California lawmakers passed 900 new laws last year — that's about 7.5 bills per legislator — and most, though not all, went into effect on Sunday.
That's a good thing, right? Surely legislators must be working awfully hard on our behalf to pass so many new laws. And no doubt they solved 900 of the state's many serious problems, no?
Well, not necessarily. Quantity doesn't necessarily translate to quality. Some of the new laws are, to be frank, silly or pointless. Others are designed to win publicity for their sponsors even if they don't really do much. Many — most, actually — are technical or apply to such a select industry or small group of people that the vast majority of Californians will not notice them at all (which doesn't necessarily mean they're bad). Some may not effect any Californians. (Hello Assembly Bill 501, which designates denim as the "state fabric," adding to the ever-growing list of official state symbols).
Certainly, many of the new laws make real changes to life in the Golden State, and most do so for the better. One raised the minimum wage by 50 cents, to $10.50 an hour, for workers in companies employing 26 or more people. It's the first of a number of incremental increases that will push the minimum wage to $15 an hour by 2022.
Another new law requires that greenhouse gas emissions be reduced to 40% below 1990 levels in 13 years and yet another puts sensible new restrictions on firearms and ammunition, including a requirement that ammunition purchasers undergo background checks. And this year, people will be subjected to new hands-free restrictions when using their smartphones in their cars.
There are other good new laws, and some bad ones too. But mostly there are just more laws. And you can expect them to keep on coming. In December, the Assembly passed new rules that lifted the per-session limit on how many bills a member may introduce from 40 to 50. (The state Senate has not lifted its cap). This raises the specter of still more bills in the future, including many that do little or nothing to improve the state.
The problem with that is that it takes time, energy and resources away from the many truly important, complicated, politically difficult tasks that face the state's elected officials. Legislative leaders must be extra vigilant to stop pointless, self-serving, pandering or conflicting proposals before they get to the floor so their members can focus on the real issues facing the state, such as securing funding to fix the state's crumbling roads, reforming the state's problematic tax code and fixing the broken California Environmental Quality Act, to name just three. These tasks were on last year's to-do list and — 900 laws later — they remain undone.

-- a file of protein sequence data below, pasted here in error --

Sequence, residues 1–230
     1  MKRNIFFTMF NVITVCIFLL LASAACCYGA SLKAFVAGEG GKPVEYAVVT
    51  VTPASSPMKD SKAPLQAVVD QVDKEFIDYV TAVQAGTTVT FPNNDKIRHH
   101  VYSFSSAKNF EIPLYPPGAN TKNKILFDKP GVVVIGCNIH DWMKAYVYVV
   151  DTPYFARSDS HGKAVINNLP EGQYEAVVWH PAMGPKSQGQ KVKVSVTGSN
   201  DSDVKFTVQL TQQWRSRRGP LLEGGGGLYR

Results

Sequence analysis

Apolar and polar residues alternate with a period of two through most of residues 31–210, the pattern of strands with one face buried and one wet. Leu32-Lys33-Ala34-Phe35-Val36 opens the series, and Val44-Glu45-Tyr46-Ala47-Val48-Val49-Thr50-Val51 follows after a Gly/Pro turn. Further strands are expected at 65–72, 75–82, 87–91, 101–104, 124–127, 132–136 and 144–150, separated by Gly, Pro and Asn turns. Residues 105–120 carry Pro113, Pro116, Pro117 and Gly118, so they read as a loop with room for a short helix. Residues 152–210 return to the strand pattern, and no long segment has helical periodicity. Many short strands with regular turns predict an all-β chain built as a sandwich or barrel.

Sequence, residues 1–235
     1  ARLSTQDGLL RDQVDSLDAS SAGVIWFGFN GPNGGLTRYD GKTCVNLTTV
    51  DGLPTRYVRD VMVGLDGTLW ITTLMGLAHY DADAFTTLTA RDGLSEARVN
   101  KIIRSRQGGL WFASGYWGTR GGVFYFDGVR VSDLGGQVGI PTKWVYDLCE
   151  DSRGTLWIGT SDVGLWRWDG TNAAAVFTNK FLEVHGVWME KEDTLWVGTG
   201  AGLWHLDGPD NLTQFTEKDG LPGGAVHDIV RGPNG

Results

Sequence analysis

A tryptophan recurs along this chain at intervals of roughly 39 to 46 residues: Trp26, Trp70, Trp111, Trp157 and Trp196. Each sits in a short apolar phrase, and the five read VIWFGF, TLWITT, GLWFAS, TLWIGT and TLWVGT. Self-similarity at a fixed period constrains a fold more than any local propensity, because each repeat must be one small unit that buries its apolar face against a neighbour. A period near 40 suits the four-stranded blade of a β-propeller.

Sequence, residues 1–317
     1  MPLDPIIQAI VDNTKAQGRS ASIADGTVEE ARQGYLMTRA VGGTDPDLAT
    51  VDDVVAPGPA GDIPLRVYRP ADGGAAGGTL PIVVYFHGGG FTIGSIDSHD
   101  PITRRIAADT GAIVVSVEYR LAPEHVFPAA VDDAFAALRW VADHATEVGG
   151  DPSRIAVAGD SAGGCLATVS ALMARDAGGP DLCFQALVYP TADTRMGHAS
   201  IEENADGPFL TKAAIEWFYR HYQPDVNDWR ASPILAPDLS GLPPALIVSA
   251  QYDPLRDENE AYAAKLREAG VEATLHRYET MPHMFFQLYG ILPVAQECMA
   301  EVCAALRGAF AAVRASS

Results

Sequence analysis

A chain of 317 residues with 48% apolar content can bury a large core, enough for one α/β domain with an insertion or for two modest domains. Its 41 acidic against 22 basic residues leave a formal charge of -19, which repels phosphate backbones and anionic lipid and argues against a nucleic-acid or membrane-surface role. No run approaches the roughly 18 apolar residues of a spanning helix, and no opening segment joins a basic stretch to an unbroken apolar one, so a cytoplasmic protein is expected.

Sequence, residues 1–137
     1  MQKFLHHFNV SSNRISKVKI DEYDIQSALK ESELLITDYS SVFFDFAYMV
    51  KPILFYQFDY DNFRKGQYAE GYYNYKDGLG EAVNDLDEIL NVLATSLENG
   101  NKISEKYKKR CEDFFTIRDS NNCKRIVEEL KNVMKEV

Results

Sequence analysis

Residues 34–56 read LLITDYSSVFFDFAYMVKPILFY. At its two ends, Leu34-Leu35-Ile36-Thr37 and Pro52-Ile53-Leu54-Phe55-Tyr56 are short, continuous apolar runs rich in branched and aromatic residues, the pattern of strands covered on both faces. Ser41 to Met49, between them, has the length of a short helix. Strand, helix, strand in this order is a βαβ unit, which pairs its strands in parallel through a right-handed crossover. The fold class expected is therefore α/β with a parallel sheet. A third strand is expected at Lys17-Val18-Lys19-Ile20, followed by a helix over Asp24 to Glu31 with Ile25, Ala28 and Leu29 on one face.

It would also be nice if legislators could avoid passing new laws that are philosophically incompatible with one another or conflict with larger policy goals. Last year, for instance, the Legislature seemed to send a mixed message with new laws that expand the number of places where people can drink alcoholic beverages while simultaneously cracking down harder on those who drive under the influence of alcoholic beverages. Maybe there's no true contradiction between the two (or maybe there is), but it would be nice to hear from legislators about their overall strategy for addressing the problem of drunk driving and how they think these two bills work together to achieve their goals.
Then there's the new law that requires mandatory prison time for those convicted of sexual assault crimes in which the victim is known to be intoxicated or unconscious. This law stemmed from last year's debate over whether former Stanford University swimmer Brock Turner was treated too leniently after his sexual assault conviction. It's fine to disagree with one defendant's headline-grabbing sentence, but it's often unwise to base a new law on it — particularly when, as in this case, it contravenes a deliberate and laudable effort by the state to move away from determinate sentencing.
With hundreds of new laws, perhaps a little inconsistency is inevitable. In any case, the Legislature can always fix it next year — with another new law. Ultimately the number of state laws isn't as important as their quality.